“No; I wish to learn the absolute truth. You said you had a great deal to say to me. I’m calm now, and I suppose I’ve acted like a fool long enough.”
“I have much to say, but not many words. I must begin again, Heaven only knows how or where. I am about at the end of my resources. I shall not do anything rash or silly. I shall do my best while I have power to do anything. I do not propose to reproach you for the past. It’s gone now, and can’t be helped. My proposal to you is that you begin also. You have tried pleasing yourself and thinking of self first pretty thoroughly. You know what it is to be a belle. Now, why not try the experiment of being a true, earnest, unselfish woman, whose first effort is to do right. Believe me, Stella, there is a God in heaven who thwarts selfishness and punishes it in ways often least expected. The people with whom we associate soon recognize the self-seeking spirit, and resent it. You have had a terrible and practical illustration of what I say. Are you not a girl of too much mind to make the same blunder again? With your youth you need not spoil your life, or that of others, unless you do it wilfully.”
She leaned back in her chair, and bitter tears came into her eyes.
“Yes,” she faltered, “my lesson has been a terrible one; but perhaps I never should have become sane without it. I have been exacting and receiving all my life, and yet to-night I feel that I have nothing. Oh,” she exclaimed, with passionate utterance, “I have been such a fool. Nothing, nothing to show for all those gay, brilliant years, not even a father’s love and little claim upon it.”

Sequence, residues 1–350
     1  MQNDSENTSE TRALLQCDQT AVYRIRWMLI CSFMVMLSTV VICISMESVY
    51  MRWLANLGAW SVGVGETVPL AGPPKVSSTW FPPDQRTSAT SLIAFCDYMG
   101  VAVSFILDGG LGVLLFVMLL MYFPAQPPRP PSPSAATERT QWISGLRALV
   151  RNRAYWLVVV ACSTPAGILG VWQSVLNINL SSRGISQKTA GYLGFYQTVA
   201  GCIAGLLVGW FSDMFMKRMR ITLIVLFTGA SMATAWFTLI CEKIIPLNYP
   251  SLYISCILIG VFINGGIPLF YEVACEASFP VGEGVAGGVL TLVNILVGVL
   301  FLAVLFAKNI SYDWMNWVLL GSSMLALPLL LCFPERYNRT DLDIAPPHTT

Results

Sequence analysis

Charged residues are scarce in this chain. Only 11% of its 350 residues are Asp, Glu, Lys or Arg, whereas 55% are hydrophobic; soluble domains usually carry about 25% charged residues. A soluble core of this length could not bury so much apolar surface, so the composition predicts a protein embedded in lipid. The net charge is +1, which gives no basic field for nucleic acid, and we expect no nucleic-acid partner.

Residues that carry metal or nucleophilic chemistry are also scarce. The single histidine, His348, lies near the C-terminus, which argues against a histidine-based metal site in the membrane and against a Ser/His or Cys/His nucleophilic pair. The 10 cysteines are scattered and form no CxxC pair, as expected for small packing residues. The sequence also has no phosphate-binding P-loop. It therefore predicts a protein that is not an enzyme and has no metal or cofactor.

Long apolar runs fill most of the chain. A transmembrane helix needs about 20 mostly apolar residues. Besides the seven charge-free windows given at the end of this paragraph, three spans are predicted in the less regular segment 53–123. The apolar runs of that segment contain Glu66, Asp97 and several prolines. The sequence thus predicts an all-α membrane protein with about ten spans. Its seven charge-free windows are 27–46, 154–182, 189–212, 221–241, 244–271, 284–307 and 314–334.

He came to her side and kissed her again and again.
“You don’t know anything about a father’s love,” he said. “It survives everything and anything, and your love would save me.”
Never, even under the eyes of Graydon Muir, had she been so conscious of her heart before. Had he seen her when she departed on the earliest train in the morning he would have witnessed a new expression on her face.
MADGE ALDEN’S RIDE
Methodical Henry Muir found that the events of the last few days had resulted in a reaction and weariness which he could not readily shake off, and he had expressed an intention of sleeping late on Monday and taking the second train. When he and his family gathered at breakfast, the removal to Hotel Kaaterskill was the uppermost theme, and it was agreed that Madge and Graydon should ride thither on horseback, and return by a train, if wearied. Mr. Muir then went to the city, well prepared to establish himself on a safer footing. Graydon and Madge soon after were on their way through the mountain valleys, the latter with difficulty holding her horse down to the pace they desired to maintain.